Democrats Can Both Impeach Trump and Win 2020 | Opinion

By now, we are well past debating whether Donald Trump deserves to be impeached. His latest argument that he would again accept help from a foreign government to win in 2020 serves as a coda to the first half of the Mueller report and suggests he would also obstruct justice again if it helps him. Trump has abused his power, obstructed justice, and believes that he is above the law—from directing his agencies to defy the law at the border, to taking actions to enrich himself and his family, to the corruption at the heart of the Russia probe, to all the obstruction of justice and contempt of Congress since. As many have argued, that should be all we need for Congress to begin an impeachment inquiry.

But Democratic lawmakers have been reluctant if not downright unwilling to begin impeachment proceedings for fear of political retribution, thinking a call for impeachment will hurt their re-election chances—or worse, secure another four years for Trump. The truth is, there is little evidence to support that. In fact, there is plenty of evidence of the exact opposite.

Let's look at the numbers.

More Americans than not want to impeach Trump. That figure has only increased since the Mueller report was released and Special Counselor Mueller's subsequent statement. That suggests that the more evidence that comes out against Trump—which would happen during an investigation—the more popular impeachment becomes.

Moreover, a higher proportion of Americans today support impeachment than when Congress began impeachment inquiries into Richard Nixon. That number steadily rose over the course of Nixon's public impeachment inquiry, until Nixon resigned to avoid an impeachment vote. If the nation was shocked to hear in Mueller's retirement press conference that one of the core conclusions of his report—that there was too much damning evidence to clear Trump of criminal wrongdoing—imagine a daily, televised digestion of those findings. Nixon's impeachment-forced resignation gutted trust of the Republican party for years.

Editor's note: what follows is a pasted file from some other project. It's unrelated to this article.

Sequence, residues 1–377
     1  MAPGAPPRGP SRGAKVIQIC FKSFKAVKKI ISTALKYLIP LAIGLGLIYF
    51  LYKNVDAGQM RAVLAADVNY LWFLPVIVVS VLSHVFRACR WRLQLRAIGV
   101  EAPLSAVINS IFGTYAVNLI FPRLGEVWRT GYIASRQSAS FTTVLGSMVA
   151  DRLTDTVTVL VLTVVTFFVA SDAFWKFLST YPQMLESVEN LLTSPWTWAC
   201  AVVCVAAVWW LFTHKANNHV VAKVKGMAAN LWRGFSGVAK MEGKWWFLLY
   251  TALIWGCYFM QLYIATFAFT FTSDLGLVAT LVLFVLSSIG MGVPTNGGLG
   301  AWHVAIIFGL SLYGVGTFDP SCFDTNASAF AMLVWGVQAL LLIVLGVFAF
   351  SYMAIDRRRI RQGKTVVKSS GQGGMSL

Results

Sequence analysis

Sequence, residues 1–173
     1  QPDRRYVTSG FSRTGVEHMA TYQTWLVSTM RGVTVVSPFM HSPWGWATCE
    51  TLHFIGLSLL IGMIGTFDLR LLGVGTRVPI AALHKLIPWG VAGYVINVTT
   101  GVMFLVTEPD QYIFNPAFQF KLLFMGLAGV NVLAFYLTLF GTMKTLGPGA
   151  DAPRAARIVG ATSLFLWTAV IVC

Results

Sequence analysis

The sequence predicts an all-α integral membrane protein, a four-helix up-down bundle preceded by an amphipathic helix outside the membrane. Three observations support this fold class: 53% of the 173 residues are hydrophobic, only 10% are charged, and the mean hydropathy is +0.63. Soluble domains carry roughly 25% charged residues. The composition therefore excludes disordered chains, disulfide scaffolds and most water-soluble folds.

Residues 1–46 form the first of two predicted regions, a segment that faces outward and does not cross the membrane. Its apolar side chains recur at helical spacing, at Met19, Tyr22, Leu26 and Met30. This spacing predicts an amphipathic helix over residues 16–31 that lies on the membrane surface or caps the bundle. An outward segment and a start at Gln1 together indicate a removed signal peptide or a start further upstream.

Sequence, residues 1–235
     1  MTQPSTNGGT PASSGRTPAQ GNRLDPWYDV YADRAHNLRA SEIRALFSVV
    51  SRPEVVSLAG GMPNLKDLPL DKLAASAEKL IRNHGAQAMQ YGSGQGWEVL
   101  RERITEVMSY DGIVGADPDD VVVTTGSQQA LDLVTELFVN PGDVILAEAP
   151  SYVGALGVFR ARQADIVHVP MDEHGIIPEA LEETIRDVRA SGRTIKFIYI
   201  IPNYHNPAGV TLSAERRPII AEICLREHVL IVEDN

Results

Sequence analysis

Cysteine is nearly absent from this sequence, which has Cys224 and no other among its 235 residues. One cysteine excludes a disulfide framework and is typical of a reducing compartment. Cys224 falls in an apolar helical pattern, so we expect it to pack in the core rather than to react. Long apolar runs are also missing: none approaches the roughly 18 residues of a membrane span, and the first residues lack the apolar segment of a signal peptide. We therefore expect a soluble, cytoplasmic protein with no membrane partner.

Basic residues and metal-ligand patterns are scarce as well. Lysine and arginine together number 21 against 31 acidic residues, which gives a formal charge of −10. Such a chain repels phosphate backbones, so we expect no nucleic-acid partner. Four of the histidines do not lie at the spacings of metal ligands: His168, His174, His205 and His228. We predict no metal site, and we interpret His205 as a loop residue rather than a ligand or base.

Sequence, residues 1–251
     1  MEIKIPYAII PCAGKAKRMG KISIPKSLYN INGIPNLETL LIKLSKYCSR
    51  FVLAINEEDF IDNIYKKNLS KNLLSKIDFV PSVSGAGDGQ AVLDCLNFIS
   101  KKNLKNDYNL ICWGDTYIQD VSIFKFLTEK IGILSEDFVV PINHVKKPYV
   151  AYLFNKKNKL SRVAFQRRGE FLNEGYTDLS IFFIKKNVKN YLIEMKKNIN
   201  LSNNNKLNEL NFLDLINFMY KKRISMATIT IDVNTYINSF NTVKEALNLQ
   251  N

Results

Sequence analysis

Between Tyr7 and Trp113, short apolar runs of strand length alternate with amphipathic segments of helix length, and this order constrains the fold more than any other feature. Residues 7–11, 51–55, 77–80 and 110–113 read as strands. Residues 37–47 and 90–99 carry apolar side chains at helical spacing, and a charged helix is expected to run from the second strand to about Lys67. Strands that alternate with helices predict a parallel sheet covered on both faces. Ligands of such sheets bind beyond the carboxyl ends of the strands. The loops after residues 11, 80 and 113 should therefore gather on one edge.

The 2018 elections gave Democrats a landslide victory in the House and showed that voters are eager if not desperate to hold Trump accountable. And last weekend, in nearly 150 cities and towns, Americans who have had enough have staged events demanding an impeachment inquiry.

The idea that the American public is opposed to impeachment, or that impeachment would ruin re-election chances for Democratic lawmakers? It's just not true.

What's worse? Democratic lawmakers aren't simply ignoring the facts in avoiding calls for impeachment, they're ignoring their base. A base that consists largely of people of color, and women of color in particular. As Michael Harriot noted in an article for "The Root," people of color overwhelmingly want to begin impeachment inquiries into Trump. The article rightly points to a recent CNN poll showing that 59 percent of people of color agree with impeaching Trump while just 31 percent of white people do. Democratic lawmakers increasingly rely on people of color to show up at the polls to remain in office, but following an unfortunately familiar pattern, then ignore the views of the very people responsible for voting them into office.